Neither was I. But I wasn’t quite ready to deal with having our tiny girl home yet. I agonized over all the things that could go wrong. And there was one particularly irrational fear that always wrestled its way to the forefront. What if, when we brought the baby home, her sister decided she didn’t want her after all? What if she snuck her into the bathroom and flushed her down the toilet? I examined the opening in the bottom of the bowl and convinced myself her little body would fit. My husband found the whole thing comical and, looking back, I have it admit it was pretty funny. But at the time, the very idea terrified me.
The people working in the neonatal intensive care unit were the polar opposite of those I’d experienced in the OB ward. The level of care I received was subpar at best, but the treatment our baby received was phenomenal. The NICU staff was friendly, attentive and compassionate. And because she really did resemble a baby bird, they lovingly nicknamed our daughter “Tweety.”
Shortly after I was released, we were cleared to go into the nursery to be closer to our baby and we visited every day. We had to gown up, put on surgical masks and scrub to our elbows with soaped pads that felt like sandpaper. It was a cumbersome affair, but it was always worth it.
When I finally held our daughter for the first time, I was unprepared for how weightless she was…and how perfect. A baby boy slept in another incubator nearby, and he had tubes and monitor wires connected all over his body. Our little one had arrived three months too soon and her doctor was cautiously optimistic, but that little guy was full term, and his prognosis was grim. No one could have predicted such a thing, and my heart broke for his parents when he passed not long after.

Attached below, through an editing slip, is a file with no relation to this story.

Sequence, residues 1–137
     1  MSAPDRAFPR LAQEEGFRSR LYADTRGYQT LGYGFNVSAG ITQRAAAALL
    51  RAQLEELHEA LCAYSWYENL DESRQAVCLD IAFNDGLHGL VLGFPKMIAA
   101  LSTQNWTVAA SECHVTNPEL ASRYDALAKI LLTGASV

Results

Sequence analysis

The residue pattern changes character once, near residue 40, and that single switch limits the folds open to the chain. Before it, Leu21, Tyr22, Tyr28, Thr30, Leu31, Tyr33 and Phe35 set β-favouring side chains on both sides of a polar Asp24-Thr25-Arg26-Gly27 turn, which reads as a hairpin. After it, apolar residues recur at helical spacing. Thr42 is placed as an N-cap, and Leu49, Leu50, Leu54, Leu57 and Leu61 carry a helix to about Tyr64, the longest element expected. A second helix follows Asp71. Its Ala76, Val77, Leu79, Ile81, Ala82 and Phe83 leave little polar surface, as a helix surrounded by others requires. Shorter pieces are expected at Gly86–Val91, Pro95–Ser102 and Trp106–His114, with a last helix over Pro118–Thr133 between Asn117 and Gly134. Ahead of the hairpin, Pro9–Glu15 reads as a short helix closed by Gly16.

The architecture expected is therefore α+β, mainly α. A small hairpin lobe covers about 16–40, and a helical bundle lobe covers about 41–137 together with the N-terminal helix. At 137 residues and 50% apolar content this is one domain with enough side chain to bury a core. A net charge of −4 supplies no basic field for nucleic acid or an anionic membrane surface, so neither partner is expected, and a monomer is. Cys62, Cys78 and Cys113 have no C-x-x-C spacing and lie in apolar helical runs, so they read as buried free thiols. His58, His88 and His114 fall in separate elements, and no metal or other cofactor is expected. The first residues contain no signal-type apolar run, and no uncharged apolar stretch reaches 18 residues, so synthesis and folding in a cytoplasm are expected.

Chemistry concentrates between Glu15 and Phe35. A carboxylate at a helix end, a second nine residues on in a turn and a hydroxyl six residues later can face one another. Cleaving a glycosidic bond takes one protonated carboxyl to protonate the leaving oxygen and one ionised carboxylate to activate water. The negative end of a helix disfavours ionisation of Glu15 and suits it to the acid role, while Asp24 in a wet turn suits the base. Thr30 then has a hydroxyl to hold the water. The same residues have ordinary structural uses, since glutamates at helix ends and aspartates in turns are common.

Our phone rang a few weeks later and, as soon as the caller identified herself as one of the NICU nurses, I felt my knees start to buckle. I was sure she was calling to say they had done all they could but that my baby was just too tiny and weak. I was convinced we had lost our little girl. But that wasn’t what the nurse said at all. Instead, she dragged me from my morbid reverie by telling me they had just removed our daughter from the “Serious” list, and she was improving rapidly. We should be able to bring her home in a few weeks.
For just an instant, anger choked my relief. I visited every day. If the nurse had waited until I arrived at the hospital that afternoon, she could have given me the good news in person. By then my eyes would have already witnessed that my daughter was still alive. Still breathing. Still here. But, instead, I nearly drowned in those few seconds of fear. It took a moment before I managed to appreciate what the nurse was actually telling me, and then all I could do was thank her over and over.
November 11, 1974
Exactly two months after her birth – and one month before she was even due to enter this world – little Jennifer Rae came home.
She did so well in the hospital that, instead of waiting until she reached the usual 5-lb weight requirement, they released her at only 4 ½ lbs. All the newborn clothes we had were still too big, so I made a doll-sized dress for her to wear on Thanksgiving. And we definitely had much to be thankful for. The care she received in the NICU was outstanding. She battled valiantly to survive. And her big sister did not flush her down the toilet.
Miracle of miracles…she lived.